There's something to be said for a collection that everyone and his mother wants to see but can't. On top of it there's a lock down on all images and descriptions thanks to a confidentiality agreement. What can I say? It sounds mighty cool. The little that I heard and saw sounded like a very rich and luxurious dish. Fashion is and will always be made up of a bunch of cool kids in the playground with dibs on the swings, teeter totter and even the sandbox whether it's filled with sand or mud. Perhaps, things have gotten a bit too open with all this technology and people busting down the barriers. It seems like Tom Ford took a look at how things are and decided to turn the game around. This controlling of the front door and keeping images of the collection under lock and key has done what all this easy access has fa
iled to do. He's restored an atmosphere of anticipation, excitement and desire. Like debuts of collections in the past, his was an invitation only affair for a very few leaving the rest of us clamoring for a peek. What's really funny is that most will probably site this collection as being the best of the season though no one except 100 people actually saw it. I have a feeling this may start a trend towards smaller, more tightly controlled environments. :It's a game changer that will have an interesting effect that we will have to roll with. Coolness will be a much more competitive game. What I like about this prospect is that it will hopefully be more about quality than quantity. Designers will have to work harder, dig deeper to live up to their new found exclusivity. It's ironic that just when you thought you had a handle on the new rules of the game, they're changed again.
so true, thinking of early YSL, BALENCIAGA in the day.
"Fashion is and will always be made up of a bunch of cool kids in the playground with dibs on the swings, teeter totter and even the sandbox whether it's filled with sand or mud." wow-wished I'd said that! pgt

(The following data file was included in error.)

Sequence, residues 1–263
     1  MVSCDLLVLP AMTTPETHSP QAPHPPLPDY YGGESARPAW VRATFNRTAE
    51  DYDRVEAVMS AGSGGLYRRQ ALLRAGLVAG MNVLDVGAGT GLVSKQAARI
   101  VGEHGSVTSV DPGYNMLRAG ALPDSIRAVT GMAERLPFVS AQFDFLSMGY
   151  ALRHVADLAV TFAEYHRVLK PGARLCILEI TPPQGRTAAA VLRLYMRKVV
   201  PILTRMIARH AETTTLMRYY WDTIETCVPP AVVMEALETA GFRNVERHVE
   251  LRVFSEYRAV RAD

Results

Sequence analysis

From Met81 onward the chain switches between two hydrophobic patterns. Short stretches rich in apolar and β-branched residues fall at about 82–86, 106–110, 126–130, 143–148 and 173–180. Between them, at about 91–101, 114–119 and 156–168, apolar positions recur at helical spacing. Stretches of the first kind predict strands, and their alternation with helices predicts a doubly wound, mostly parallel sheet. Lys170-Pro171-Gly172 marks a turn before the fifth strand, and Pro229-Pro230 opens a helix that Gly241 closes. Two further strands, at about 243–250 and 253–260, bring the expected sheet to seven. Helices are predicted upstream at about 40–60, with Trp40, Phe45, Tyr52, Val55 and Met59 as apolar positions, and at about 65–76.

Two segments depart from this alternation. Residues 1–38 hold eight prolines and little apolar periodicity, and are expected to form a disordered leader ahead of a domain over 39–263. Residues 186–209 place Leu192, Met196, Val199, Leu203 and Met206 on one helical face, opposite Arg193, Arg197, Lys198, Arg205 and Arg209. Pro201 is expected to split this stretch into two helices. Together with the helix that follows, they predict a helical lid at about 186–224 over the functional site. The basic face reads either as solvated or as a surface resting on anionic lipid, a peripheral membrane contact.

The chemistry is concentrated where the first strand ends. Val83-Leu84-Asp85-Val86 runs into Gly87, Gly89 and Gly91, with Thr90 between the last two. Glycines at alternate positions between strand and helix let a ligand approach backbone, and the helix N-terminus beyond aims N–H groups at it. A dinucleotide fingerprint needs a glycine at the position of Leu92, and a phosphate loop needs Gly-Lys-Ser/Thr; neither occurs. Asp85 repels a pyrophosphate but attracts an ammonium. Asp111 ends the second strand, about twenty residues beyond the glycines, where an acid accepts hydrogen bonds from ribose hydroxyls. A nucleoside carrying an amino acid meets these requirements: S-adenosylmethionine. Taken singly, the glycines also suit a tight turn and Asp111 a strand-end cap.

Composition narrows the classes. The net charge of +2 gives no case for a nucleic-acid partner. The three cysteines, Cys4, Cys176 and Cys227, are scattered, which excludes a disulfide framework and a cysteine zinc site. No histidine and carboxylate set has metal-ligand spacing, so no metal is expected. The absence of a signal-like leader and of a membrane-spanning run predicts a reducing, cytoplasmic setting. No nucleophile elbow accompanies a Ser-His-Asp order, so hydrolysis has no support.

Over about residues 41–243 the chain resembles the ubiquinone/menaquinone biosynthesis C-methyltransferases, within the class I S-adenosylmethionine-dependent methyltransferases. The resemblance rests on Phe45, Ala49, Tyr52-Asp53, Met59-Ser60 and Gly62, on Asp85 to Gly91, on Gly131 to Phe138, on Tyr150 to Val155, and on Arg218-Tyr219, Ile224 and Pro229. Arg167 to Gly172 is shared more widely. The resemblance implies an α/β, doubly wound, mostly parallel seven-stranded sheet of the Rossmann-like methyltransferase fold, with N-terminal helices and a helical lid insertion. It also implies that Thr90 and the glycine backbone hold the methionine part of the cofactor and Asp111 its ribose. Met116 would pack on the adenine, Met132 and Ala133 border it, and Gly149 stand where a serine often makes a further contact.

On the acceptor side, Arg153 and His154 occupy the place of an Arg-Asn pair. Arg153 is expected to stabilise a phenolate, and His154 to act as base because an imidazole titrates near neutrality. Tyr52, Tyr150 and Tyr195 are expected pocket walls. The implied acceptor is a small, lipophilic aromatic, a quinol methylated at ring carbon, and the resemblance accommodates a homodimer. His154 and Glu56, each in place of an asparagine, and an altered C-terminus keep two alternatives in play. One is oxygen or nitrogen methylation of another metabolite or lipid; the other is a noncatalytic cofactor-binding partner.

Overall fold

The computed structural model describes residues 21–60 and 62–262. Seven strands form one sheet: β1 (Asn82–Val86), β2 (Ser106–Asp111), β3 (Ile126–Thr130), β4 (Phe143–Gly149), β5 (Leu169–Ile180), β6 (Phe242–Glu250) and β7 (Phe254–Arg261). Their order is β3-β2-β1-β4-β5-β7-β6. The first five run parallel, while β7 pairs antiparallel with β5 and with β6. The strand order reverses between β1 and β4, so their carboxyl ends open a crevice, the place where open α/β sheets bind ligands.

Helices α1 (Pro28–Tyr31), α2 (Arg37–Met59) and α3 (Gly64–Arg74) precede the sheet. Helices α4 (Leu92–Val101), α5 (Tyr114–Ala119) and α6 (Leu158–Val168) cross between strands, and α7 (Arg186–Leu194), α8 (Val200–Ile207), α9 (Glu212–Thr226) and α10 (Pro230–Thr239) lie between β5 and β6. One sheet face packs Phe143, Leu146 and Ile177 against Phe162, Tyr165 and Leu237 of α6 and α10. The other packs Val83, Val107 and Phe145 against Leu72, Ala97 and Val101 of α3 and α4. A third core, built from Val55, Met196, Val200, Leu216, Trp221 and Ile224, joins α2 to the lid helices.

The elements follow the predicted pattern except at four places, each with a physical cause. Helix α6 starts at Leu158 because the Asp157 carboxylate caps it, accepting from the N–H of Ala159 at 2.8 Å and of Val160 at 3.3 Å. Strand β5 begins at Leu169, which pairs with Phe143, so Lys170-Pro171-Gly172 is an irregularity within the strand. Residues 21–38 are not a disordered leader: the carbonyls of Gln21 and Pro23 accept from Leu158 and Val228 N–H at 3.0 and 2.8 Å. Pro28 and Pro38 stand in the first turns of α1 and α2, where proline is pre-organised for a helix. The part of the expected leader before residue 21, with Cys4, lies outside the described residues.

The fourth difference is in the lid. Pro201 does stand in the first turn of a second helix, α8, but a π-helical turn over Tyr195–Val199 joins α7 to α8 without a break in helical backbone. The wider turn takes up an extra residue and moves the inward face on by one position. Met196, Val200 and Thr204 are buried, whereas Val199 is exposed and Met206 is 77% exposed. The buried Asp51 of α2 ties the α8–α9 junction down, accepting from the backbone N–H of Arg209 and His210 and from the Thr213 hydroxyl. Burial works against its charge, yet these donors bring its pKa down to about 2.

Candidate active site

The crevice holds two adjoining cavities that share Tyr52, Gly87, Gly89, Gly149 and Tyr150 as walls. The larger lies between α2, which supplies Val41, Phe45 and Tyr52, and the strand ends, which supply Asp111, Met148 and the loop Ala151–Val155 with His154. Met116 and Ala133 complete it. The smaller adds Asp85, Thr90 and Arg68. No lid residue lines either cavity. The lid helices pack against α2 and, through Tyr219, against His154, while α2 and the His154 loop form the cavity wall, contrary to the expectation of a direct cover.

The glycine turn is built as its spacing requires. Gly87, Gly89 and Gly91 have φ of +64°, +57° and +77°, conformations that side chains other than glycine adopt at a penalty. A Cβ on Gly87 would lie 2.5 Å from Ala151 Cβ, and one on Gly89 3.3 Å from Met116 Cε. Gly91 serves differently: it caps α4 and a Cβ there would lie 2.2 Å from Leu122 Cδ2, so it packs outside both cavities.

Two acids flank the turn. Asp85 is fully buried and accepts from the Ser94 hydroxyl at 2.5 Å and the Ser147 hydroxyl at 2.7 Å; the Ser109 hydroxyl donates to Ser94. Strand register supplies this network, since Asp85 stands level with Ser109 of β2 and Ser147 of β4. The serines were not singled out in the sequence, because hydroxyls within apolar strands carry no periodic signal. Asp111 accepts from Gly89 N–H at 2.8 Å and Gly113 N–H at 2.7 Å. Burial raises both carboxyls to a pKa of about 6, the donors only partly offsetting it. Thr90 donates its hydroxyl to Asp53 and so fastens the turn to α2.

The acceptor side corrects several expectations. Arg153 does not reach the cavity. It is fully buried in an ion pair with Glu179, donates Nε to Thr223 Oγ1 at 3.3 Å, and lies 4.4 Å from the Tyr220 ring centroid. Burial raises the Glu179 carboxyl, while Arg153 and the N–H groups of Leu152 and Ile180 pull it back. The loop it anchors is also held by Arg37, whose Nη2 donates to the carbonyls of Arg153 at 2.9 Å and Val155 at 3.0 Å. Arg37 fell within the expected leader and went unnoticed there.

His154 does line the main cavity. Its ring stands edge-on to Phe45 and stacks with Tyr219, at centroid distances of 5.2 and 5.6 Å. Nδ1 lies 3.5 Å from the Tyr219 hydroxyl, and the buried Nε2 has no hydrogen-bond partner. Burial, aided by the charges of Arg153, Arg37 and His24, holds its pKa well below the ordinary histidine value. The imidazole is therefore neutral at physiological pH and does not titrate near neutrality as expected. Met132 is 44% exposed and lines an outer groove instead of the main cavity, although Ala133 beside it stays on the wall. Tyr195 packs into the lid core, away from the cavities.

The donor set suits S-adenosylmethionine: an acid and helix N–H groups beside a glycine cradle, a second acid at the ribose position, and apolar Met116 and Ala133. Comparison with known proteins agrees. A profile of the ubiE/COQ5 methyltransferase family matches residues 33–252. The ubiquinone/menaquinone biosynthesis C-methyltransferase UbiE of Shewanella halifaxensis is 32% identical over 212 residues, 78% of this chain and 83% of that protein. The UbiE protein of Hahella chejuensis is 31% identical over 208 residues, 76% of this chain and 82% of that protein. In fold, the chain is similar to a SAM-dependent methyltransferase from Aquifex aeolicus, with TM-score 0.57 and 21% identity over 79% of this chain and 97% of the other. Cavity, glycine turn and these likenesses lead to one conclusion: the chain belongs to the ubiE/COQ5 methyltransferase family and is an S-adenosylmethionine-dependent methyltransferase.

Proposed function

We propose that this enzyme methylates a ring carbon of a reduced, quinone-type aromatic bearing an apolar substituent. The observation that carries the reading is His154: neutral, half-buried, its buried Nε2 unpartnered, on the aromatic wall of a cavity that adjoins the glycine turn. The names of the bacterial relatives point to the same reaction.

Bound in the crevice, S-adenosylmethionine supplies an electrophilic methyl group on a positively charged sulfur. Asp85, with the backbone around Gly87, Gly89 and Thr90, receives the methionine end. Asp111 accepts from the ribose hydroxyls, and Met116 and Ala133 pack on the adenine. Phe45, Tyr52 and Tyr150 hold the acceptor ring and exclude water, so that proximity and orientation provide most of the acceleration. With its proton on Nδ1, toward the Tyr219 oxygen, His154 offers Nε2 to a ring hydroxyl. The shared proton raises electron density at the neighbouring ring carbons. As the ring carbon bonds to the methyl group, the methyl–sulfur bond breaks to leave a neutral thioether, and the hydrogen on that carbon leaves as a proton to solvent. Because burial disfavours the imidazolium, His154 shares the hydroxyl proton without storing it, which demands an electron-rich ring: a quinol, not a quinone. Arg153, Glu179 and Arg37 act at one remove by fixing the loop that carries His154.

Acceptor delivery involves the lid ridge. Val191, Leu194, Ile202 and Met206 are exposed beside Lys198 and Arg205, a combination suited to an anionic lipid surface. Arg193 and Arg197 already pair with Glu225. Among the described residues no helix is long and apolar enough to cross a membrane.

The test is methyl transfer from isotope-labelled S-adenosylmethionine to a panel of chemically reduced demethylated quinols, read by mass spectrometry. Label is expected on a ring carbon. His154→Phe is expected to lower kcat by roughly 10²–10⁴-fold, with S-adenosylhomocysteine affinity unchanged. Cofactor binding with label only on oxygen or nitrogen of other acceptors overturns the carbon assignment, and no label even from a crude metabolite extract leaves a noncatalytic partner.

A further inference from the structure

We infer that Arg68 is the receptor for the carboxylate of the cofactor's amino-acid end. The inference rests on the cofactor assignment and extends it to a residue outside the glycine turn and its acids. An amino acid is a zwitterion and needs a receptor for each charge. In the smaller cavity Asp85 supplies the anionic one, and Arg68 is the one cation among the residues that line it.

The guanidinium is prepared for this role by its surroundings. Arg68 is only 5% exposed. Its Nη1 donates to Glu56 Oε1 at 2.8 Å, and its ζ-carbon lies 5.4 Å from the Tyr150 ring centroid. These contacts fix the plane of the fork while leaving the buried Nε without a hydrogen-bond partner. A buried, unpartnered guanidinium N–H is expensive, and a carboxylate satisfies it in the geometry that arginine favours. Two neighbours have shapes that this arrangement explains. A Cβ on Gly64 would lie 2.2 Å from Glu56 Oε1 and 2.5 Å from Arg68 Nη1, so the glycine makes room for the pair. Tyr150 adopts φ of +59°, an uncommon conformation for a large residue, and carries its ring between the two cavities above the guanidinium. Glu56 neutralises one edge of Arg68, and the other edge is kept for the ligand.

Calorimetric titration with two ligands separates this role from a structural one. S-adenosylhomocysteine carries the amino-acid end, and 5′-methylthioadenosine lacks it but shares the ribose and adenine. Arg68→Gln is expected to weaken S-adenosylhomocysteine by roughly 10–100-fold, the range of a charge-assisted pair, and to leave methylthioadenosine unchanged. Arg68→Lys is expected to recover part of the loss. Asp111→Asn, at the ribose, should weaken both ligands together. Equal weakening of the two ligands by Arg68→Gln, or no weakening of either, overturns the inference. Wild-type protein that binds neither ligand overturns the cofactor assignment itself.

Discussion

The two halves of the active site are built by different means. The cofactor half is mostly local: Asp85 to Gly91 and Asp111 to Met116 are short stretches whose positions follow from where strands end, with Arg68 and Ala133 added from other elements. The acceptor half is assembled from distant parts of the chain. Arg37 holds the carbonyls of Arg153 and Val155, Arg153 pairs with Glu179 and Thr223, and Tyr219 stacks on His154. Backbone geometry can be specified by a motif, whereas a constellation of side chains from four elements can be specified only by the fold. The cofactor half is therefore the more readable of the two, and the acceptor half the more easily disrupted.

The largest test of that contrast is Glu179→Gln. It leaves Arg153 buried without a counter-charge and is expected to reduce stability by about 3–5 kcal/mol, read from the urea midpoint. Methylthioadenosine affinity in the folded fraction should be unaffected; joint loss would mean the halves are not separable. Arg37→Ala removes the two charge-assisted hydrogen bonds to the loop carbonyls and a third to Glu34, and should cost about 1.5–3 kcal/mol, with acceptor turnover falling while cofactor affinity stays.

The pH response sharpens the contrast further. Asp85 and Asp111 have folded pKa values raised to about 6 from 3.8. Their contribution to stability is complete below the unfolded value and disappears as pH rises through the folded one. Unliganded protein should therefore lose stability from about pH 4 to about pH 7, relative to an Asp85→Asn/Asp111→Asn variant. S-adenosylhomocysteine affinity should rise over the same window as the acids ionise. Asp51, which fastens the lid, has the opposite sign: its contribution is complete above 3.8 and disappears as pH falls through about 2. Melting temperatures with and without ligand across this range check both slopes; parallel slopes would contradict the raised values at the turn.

sure, WE get left out and have to wait fro the crumbs that fall off the table after the "inner circle" has had a fine feast but, shows were getting bloated, incredibly expensive and, in some cases, vulgar (as in no substance just flash).
It's nice to hear that he used several different types of women to showcase his designs. After all, his real clients wont all be 15yo starved to death clothes hangers.
I'm glad he saw fit to keep the show for his real clients not just the celebutante du jour and entourage and hoards of wannabes (that would NEVER purchase his garments but would buy the knock-offs and pretend)... there's a reason people still talk about Studio 54... it's was always about the power of the velvet rope it created the mystique and allure like no other.
Also, I might add, that in this age of instant communication he is ensuring that his designs wont be copied by the time they hit the stores!
By the time the knock-offs are made it will be too late... Brilliant.
Can't wait to see TF's collection, and that he hasn't given bloggers a front seat invite. Present company excluded of course! MsGolightly XX
I for one don't give a damn about Tom Ford, and I think it's laughable how willingly the entire fashion world plays his game. Either he's smart like you say, or fashion is simply predictable.
I find Tom Ford utterly inspiring and I'm thrilled with your post about how he's keeping things under wraps. When everything is accessible for everyone's comments and opinions (often uninformed) too soon it dilutes the experience. I think he's one of the most creative minds working today in fashion –or film!
Thanks for sharing!
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